Tesla misses the mark on all fronts in quarter of chaos

Who cares that net profit slid 55%? Not Wall Street

In a dynamic first quarter, Elon Musk's Tesla contended with a terrorist organization, survived an arson attempt, and fiercely competed with hybrid car makers, all against a backdrop of falling prices as competition for electric vehicle customers intensified.

As expected, it wasn't a good three months for Tesla. Sales fell 9 percent year-on-year to $21.3 billion and net profit plunged 55 percent to $1.1 billion as the sector feels the squeeze from China-based manufacturers and an uncertain economy.

Production numbers dropped to 433,371 units versus 440,808 a year earlier, and 494,989 in the prior quarter. Deliveries for the first three months of 2024 were 386,810 compared to 422,875 12 months ago and 484,507 in Q4 2023.

"Decline in volumes was partially due to the early phase of the production ramp of the updated Model 3 at our Fremont factory and factory shutdowns resulting from shipping diversions caused by the Red Sea conflict and an arson attack at Gigafactory Berlin," said Tesla.

To counter the slowdown in sales and reduced profits, Tesla last week confirmed it was cutting 10 percent of the workforce, including expunging 2,700 roles in Austin, Texas, and upwards of 3,300 positions in Fremont, California. The cost of producing vehicles in Austin, Berlin, and Fremont are "very close," the company said. These are things Tesla can control.

On an earnings call with financial analysts, Musk said the "EV adoption rate globally is under pressure and a lot of other order manufacturers are pulling back on EVs and pursuing plug-in hybrids instead. We believe this is not the right strategy and electric vehicles will ultimately dominate the market."

Tesla began cutting prices to compete in 2022 and has continued this strategy ever since, most recently lopping a third off the upfront cost of Full Self-Driving software and reducing the price of some cars. It is locked in a race with Chinese manufacturer BYD.

As revealed earlier today, the International Energy Association said adoption of EVs in China is higher than in the West due to local prices being lower than traditional combustion engine cars. With this in mind, perhaps, Musk talked of rolling out "more affordable models" from existing production lines, most likely in early 2025.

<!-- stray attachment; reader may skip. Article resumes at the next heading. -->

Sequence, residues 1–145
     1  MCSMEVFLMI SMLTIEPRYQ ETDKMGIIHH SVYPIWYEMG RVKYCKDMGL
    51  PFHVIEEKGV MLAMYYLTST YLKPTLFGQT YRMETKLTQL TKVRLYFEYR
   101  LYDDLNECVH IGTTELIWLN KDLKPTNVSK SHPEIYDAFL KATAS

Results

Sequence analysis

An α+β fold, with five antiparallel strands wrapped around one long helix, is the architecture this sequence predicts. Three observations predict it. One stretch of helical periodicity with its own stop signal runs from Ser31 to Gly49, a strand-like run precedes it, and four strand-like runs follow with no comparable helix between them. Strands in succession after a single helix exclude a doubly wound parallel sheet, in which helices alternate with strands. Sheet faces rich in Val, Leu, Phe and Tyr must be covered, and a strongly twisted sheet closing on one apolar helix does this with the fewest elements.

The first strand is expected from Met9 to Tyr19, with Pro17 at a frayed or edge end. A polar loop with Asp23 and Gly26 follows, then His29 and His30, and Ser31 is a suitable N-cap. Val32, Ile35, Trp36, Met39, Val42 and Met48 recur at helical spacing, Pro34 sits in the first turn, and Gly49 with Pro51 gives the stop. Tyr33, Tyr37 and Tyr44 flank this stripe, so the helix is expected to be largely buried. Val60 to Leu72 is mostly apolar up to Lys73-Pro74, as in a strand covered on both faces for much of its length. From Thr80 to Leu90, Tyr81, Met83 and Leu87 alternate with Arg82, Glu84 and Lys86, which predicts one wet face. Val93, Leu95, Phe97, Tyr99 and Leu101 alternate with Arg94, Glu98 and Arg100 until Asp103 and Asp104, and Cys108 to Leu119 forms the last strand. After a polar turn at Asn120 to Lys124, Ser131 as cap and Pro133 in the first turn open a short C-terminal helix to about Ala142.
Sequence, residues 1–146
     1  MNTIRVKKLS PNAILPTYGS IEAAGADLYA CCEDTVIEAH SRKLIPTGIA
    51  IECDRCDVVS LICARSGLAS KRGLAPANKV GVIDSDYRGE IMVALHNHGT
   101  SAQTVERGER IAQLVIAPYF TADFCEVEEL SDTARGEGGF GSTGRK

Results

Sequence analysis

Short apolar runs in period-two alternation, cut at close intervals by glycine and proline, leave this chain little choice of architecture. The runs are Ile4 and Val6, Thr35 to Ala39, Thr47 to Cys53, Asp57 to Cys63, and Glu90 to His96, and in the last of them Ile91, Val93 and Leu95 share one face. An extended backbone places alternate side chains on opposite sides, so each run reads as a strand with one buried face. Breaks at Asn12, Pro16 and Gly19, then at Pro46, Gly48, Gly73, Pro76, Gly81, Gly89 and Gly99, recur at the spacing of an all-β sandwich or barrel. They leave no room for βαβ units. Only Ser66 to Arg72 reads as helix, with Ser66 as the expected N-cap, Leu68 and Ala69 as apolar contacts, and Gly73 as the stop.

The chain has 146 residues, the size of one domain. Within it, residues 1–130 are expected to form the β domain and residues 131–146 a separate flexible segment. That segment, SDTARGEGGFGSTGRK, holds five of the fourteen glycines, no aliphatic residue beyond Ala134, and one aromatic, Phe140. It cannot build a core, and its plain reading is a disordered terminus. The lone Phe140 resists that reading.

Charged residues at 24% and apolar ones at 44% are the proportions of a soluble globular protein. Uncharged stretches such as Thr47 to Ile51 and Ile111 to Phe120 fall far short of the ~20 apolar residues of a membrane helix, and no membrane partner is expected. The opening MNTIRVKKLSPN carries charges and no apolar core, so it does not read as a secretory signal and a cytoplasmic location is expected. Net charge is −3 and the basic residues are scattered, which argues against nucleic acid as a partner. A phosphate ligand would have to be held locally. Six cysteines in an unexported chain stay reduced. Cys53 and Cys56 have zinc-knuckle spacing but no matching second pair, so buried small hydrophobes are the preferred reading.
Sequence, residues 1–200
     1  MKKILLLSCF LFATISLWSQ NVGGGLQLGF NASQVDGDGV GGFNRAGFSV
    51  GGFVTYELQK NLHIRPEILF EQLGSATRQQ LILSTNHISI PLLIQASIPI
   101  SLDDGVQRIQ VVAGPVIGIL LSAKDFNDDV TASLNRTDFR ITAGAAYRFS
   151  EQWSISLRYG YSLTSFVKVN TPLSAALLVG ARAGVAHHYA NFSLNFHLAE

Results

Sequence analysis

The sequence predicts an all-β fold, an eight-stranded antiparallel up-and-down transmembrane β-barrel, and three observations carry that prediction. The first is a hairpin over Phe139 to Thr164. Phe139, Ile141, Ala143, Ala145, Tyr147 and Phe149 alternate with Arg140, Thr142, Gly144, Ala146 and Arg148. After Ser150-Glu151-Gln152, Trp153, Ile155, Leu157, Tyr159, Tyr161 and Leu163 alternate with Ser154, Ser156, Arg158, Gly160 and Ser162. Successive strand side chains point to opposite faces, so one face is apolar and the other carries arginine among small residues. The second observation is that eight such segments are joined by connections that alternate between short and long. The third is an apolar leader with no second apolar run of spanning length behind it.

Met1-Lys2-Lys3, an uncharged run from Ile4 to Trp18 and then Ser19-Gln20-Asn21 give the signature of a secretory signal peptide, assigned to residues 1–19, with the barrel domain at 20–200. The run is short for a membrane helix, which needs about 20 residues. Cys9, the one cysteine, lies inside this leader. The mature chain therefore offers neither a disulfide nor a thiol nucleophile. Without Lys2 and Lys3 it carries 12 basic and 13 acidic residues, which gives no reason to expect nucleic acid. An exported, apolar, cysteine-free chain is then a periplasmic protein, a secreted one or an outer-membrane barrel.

Musk again talked up Full Self-Driving, now on version 12, telling analysts that if they still haven't tried one, they must. "It's profound and the rate of improvement is rapid."

"We've now turned that on for all cars with the cameras and inference computer, everything from Hardware 3 on in North America. So, it's been pushed out to, I think, around 1.8 million vehicles, and we're seeing about half of people use it so far and that percentage is increasing with each passing week.

"Gasoline cars that are not autonomous will be like riding a horse and using a flip phone. And that will become very obvious in hindsight."

In another forward-looking moment – who wants to discuss a crappy Q1? – the billionaire steered his audience to Tesla's "purpose-built robotaxi or cybercab" which will be "showcased in August."

One more thing that handily grabbed analyst attention during the call was the status of Tesla's humanoid robot Optimus.

"We are able to do simple factory tasks or at least, I should say, factory tasks in the lab. We do think we will have Optimus in limited production in the natural factory itself, doing useful tasks before the end of this year. And then I think we may be able to sell it externally by the end of next year. These are just guesses.

"As I've said before, I think Optimus will be more valuable than everything else combined. Because if you've got a sentient humanoid robot that is able to navigate reality and do tasks at request, there is no meaningful limit to the size of the economy. So, that's what's going to happen. And I think Tesla is best positioned of any humanoid robot maker to be able to reach volume production with efficient inference on the robot itself.

"I mean, this, perhaps, is a point that is worth emphasizing. Tesla's AI inference efficiency is vastly better than any other company. There's no company even close to the inference efficiency of Tesla. We've had to do that because we were constrained by the inference hardware in the car. We didn't have a choice."

Wall Street seemed to forget about the Q1 results and was more interested in the forward-looking stuff Musk says Tesla is working on. As such, the company share price went up 12 percent after the numbers were filed. ®

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